Think about how old you were when you were first introduced to the concept of freelancing compared to when you actually became one. Had you learned about it earlier, would it have made a difference in your career trajectory?

The reality is that most of us, as youth, were not exposed to professional freelancing unless someone in our family freelanced and even then, it may have been a casual association or a superficial understanding.

Today’s K-12 schools still focus on a traditional curriculum with an emphasis on core subjects like English, history, science, and math. The mission for many of our public schools, in particular, revolves around the mantra of college and career readiness. For students who are on the career readiness track, the emphasis is often preparation for working for someone else. And therein lies the problem.

This begs the question: How should professional freelancing fall into conversations about viable career options for young people?

Honestly, it usually doesn’t, but it must now.

Some schools are starting to offer courses in entrepreneurship and some vocational schools train students in trades that can translate into freelancing opportunities. But most students are not exposed to how freelancing works or why they may want to consider it.

One of the reasons why professional freelancing is often shrouded in a cloak of mystery is simply because many of us don’t really know enough about it to understand it. In turn, the mystery continues, as young people are not taught about it in traditional classroom spaces. My solution: Let’s take the classroom to them.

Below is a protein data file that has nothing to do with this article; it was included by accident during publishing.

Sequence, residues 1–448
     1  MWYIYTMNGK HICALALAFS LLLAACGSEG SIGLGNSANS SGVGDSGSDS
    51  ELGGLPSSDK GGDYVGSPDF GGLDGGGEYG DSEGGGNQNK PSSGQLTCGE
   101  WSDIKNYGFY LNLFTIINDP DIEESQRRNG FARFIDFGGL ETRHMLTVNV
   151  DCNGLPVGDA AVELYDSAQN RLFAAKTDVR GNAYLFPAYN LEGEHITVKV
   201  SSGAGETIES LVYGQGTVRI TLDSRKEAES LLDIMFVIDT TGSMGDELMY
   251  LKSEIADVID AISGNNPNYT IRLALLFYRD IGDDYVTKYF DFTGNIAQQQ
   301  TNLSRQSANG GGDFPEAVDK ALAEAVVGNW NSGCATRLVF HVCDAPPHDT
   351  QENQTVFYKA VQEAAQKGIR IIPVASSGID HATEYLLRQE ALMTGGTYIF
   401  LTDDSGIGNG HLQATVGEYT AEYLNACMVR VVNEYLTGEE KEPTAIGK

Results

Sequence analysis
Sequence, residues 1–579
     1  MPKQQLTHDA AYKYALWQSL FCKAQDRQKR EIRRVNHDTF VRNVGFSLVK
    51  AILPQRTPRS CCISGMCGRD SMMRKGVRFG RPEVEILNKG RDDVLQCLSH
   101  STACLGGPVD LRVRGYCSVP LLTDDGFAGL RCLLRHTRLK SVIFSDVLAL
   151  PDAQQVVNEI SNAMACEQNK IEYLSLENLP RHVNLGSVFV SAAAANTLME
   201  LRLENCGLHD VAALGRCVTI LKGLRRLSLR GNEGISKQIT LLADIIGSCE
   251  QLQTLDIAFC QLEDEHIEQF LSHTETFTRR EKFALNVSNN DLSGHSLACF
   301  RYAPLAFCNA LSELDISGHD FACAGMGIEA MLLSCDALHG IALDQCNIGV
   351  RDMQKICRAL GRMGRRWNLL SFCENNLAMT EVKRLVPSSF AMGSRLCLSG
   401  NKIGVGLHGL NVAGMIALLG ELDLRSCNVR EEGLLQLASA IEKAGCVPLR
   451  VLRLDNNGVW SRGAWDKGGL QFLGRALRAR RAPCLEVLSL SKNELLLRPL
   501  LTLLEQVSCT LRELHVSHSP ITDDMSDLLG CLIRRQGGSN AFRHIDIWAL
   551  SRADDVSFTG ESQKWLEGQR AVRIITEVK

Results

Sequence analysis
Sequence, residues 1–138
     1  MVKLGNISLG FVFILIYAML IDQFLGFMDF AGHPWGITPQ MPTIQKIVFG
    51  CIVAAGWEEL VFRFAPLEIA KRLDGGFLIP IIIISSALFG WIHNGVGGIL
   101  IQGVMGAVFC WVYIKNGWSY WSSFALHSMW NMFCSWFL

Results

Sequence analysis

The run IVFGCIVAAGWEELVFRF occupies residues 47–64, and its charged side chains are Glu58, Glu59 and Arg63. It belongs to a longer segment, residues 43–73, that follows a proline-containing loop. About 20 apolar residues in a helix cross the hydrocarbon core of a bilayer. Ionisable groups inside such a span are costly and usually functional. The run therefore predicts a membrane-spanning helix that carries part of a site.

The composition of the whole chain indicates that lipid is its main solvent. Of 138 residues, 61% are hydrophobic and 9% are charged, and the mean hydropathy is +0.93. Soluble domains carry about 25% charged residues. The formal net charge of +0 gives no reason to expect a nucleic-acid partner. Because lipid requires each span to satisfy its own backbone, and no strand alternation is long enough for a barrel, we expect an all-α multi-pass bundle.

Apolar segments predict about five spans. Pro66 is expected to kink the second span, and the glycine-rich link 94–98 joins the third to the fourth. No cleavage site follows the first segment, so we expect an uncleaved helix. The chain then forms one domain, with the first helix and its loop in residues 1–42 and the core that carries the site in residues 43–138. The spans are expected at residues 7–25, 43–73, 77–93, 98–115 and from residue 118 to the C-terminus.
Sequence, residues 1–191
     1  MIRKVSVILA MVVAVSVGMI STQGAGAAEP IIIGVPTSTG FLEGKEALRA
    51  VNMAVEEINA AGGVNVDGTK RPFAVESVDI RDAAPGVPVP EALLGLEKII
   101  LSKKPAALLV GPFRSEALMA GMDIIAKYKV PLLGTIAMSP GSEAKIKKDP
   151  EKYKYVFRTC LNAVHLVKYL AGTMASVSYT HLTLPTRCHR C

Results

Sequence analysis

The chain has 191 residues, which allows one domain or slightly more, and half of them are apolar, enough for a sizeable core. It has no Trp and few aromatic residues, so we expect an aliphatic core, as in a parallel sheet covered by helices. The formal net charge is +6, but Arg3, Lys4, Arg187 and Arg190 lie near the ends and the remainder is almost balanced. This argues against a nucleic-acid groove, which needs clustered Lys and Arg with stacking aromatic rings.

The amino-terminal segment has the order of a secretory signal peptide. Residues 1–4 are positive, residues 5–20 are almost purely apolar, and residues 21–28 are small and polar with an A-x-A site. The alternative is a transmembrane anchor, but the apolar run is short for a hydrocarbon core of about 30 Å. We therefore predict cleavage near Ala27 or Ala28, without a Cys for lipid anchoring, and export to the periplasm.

Think about it. Many young people have experienced some form of freelancing; they just don’t call it that.

Let me explain. Babysitting, tutoring, pet sitting, snow shoveling and grass cutting are just a few of the traditional ways that young people get an early taste of freelancing. Today, they can even use online platforms like Etsy, Shopify, and Zibbet to sell their hand made wares and crafts. (If they’re under the age of 18, they will need parental permission or help).

This may seem like child’s play, but think about what these types of freelancing gigs teach young people about running a sustainable business. One must have a product or service that others need; one must market and/or advertise to establish a brand; and one must offer phenomenal customer service that is aligned with the brand. Sound familiar?

Getting an early taste of freelancing also equips them to understand the importance of having a marketable skill, how to work with diverse clients, how to offer a fee-for-service or product, and how to be competitive in the free market.

These are life-long skills lessons that will position young people for creating their own definition of professional success that goes far beyond worker/boss or employer/employee paradigms.

This is particularly important because, as many economists have predicted, future job trends are leaning more toward freelancers, independent contractors, and consultants. Simply put, there will be a demand for people who want to, and can, fulfill those positions.

If young people don’t even know that these opportunities exist then they can’t prepare accordingly.

I don’t know if any of my young, high school mentees will become freelancers, but I truly hope that they, and children like them, are exposed to freelancing as a rewarding and satisfying career pathway.

With our current educational trends, schools will probably not turn this corner with us, so that leaves it up to us freelancers to think outside of the box and to think about grassroots endeavors that we can create to expose young people to freelancing as a career of choice.